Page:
by Senior Director of Diversity, Equity and Inclusion, Sandra Wilborn
The path to becoming an Assistance Dog is long and arduous. From birth, puppies are slowly introduced to the world around them. They are weaned and socialized, sent off to puppy raisers all over the country at about 8 weeks and start their journey toward becoming the canine partners everyone hopes they will become.
At about 10 weeks old, Clove journeyed to live with the Gish family in Nampa, Idaho. Being their 5th puppy raising experience with Canine Companions for Independence, they were very familiar with the demands and needs of a little one in training. The job of a puppy raiser is to continue socializing pups to a host of experiences while housebreaking and adding more than 30 commands to the pup’s vocabulary before turning them in at 18 months. Puppy raisers selflessly cover the cost of care involved, have to go through the process of dealing with loss at turn in, and ask nothing in return. Could you do that? Puppy raisers are a rare breed, indeed.
Clove was turned in to Canine Companions for Independence in Santa Rosa, CA in August of 2013 during a matriculation ceremony, which coincides with service class graduations four times a year. It was there she would continue in her training with the professional trainers of this wonderful organization that has been a leading provider of assistance dogs nationwide since 1975. There would be tests of temperament, spirit, health and character. At hand were temptations galore such as rabbits, squirrels and cats, and tons of opportunities to play and behave wonderfully well while learning an additional 20 plus commands, which are shaped and honed to potentially assist a person with a disability.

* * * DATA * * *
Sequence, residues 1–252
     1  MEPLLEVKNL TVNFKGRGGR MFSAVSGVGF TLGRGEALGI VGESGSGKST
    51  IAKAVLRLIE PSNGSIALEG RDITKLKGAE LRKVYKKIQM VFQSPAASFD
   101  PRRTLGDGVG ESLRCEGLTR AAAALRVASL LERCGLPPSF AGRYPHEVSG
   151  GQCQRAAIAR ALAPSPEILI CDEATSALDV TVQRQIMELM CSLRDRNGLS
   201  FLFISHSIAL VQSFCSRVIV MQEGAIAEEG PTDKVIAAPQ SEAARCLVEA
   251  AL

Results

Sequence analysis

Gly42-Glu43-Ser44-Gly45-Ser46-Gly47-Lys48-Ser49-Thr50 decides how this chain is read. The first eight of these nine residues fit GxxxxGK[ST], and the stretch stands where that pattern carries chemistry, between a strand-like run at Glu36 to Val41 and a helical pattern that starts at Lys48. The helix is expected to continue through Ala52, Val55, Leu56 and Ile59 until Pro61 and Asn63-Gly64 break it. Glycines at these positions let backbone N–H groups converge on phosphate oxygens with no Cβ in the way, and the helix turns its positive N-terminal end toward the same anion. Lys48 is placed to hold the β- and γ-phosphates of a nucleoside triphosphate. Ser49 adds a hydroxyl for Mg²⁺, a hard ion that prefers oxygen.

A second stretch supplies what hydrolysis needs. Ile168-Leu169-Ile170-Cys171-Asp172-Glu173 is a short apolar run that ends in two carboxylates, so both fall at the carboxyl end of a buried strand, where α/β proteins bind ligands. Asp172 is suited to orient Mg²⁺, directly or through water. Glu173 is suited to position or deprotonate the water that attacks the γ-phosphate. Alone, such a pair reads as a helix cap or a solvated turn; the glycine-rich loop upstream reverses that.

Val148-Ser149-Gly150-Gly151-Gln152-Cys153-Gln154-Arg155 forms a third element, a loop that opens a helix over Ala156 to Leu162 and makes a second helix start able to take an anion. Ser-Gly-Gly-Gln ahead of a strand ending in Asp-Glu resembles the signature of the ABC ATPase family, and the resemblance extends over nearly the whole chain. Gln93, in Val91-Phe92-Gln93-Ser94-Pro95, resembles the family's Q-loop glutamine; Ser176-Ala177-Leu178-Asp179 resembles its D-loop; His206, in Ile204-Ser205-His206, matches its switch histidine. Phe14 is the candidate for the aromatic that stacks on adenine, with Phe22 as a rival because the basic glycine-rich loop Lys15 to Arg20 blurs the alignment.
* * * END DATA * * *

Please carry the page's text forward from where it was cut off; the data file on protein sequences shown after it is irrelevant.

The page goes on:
After six months of professional training, Clove was chosen for a special class of possible Facility Dog graduates. One of five categories of assistance dogs trained by Canine Companions for Independence, Facility Dogs are paired with professionals who engage clients in therapeutic interventions. In February of 2014, Clove found a new home as a canine employee in the Secure Residential Treatment Facilities at Cascadia.
Clove has since begun to practice Public Relations and therapeutic interventions as part of the Equity, Diversity & Inclusion department. She’s a common practitioner of therapeutic interventions wherever she goes and plans to continue along this line of work for years to come. She is grateful to her puppy raising family for the opportunity to live the life of an assistance dog, and loves her Cascadia family completely!
To learn more about assistance dogs and the wonderful support they can offer adults with various disabilities and hearing impairments, veterans with disabilities, or families that have a child with a disability, go to CCI.org. CCI provides assistance dogs free of charge to the recipient.